Joe Biden suggests he wants to “ban AI voice impersonation” – a win or loss for musicians?

The proposal follows a spate of robocalls using an AI voice clone of the President attempting to persuade people in New Hampshire not to vote.

When you purchase through affiliate links on, you may contribute to our site through commissions. Learn more
Joe Biden

Credit: Megan Varner/Getty Images

Joe Biden has hinted at the possibility of making AI voice impersonation illegal, which could lead to both positive and negative consequences for music artists as a byproduct.

Per The Verge, the US President briefly brought up the topic during the State of the Union address last week (March 7) but didn’t expand much further on any potential proposals.

The idea is likely to have a mostly political purpose given that there was recently a spate of robocalls using an AI voice clone of the President attempting to dissuade people in New Hampshire from voting. The Federal Communications Commission (FCC) subsequently issued a ban on such calls.

However, a total ban on AI voice impersonation would hold important ramifications for the arts and entertainment world. On one hand, artists could rest easy knowing the likeness of their voice isn’t being used for nefarious purposes, or as a way to earn money without fair compensation, but on the other, it could stifle creativity, and penalise those who use the technology fairly and give credit where it’s due.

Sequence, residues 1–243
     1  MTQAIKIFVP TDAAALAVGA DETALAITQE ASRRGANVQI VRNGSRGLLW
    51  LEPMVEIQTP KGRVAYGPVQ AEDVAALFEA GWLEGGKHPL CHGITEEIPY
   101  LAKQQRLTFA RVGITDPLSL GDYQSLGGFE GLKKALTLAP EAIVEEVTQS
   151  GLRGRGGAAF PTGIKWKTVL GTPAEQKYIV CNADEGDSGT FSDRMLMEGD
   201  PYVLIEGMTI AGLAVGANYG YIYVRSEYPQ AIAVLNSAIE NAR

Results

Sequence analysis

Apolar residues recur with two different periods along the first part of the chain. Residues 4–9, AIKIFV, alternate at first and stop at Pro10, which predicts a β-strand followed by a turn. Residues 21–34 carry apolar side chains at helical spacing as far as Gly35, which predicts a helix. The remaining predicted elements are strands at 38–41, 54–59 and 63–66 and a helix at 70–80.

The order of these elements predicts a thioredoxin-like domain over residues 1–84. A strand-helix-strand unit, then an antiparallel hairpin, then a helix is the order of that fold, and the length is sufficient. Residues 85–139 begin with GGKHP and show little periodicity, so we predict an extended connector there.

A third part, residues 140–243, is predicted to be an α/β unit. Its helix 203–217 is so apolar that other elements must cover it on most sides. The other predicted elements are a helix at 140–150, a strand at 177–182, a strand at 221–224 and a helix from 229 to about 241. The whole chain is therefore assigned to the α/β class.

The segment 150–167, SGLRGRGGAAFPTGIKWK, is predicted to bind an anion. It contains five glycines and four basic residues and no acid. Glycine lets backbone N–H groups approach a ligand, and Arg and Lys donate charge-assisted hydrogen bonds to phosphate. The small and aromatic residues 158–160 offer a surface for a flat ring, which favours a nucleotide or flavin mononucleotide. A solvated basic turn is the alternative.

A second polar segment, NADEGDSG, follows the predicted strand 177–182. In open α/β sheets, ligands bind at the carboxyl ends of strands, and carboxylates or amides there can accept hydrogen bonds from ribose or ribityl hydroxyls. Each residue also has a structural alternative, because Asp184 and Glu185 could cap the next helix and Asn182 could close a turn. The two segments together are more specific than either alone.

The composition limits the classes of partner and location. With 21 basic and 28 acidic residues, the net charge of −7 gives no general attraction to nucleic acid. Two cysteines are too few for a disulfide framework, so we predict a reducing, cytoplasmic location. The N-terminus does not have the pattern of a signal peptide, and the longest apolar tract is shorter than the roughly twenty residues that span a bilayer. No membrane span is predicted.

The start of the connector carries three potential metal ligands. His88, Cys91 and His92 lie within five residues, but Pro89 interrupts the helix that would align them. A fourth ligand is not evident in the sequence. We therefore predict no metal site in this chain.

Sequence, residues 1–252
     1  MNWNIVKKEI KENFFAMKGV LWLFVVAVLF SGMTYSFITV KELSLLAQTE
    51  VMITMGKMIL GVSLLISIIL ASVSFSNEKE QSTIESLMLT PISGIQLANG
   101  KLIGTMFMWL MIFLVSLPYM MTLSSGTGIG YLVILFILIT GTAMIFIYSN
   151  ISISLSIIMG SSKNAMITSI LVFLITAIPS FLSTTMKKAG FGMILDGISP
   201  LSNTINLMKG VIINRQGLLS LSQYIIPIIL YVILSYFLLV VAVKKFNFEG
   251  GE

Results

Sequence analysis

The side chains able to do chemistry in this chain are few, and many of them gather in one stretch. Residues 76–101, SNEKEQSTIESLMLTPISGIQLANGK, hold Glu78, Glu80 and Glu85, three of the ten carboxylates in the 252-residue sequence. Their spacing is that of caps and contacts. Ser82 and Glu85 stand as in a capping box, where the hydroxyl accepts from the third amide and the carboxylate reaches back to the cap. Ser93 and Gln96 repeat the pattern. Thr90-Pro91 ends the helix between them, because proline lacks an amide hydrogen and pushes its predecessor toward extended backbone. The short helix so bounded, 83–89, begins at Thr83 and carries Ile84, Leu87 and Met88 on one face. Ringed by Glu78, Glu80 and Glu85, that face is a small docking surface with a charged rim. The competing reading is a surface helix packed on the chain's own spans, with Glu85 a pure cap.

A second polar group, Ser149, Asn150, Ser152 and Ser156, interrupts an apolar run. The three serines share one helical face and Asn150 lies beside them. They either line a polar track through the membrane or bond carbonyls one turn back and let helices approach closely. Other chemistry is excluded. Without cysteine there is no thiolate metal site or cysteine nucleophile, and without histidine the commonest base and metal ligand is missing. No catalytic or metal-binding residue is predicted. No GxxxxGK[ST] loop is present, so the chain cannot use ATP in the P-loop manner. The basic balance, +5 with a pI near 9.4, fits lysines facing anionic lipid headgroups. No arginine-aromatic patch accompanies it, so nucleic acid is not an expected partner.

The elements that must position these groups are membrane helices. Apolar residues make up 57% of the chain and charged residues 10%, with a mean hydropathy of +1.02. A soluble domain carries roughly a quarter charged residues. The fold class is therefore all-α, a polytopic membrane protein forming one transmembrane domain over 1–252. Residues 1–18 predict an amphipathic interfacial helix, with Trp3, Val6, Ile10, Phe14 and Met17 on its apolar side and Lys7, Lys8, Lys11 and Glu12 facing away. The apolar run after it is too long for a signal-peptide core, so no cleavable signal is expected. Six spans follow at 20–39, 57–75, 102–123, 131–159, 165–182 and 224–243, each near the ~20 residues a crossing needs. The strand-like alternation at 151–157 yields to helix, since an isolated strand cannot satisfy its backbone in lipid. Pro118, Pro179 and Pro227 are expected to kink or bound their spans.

Many musicians have been critical of the concept of AI impersonating their voices – Ariana Grande, for example, recently hit out at people attempting to recreate her voice using the technology, branding it “terrifying”.

In contrast, other artists have been more positive about the possibilities AI could bring to music, such as Damon Albarn, who said he was curious about the concept of posthumous AI releases following the success of The Beatles’ final song Now And Then, whose release was only made possible by the technology.

“It’s a question of scale: if enough people are interested, there could be hundreds of my songs released after my death, including songs that I would never have wanted to release,” he told Les Inrockuptibles. 

Grimes is another artist who has expressed particular openness towards the use of AI, saying last year that she thought it was “cool to be fused with a machine” and later launched AI software allowing users to mimic her voice in songs. Despite that, she recently performed a DJ set at an event calling for looser regulations of artificial intelligence, before telling the crowd that she is against “the sentiment of this party”.

Despite this, AI recreations of vocals have been continually doing the rounds on social media in recent years. One notable example was a song created by an artist named Ghostwriter977 called Heart On My Sleeve, featuring vocals which sounded like they were recorded by The Weeknd and Drake.


Get the latest news, reviews and tutorials to your inbox.

Join Our Mailing List & Get Exclusive DealsSign Up Now

The world’s leading media brand at the intersection of music and technology.

© 2024 MusicTech is part of NME Networks.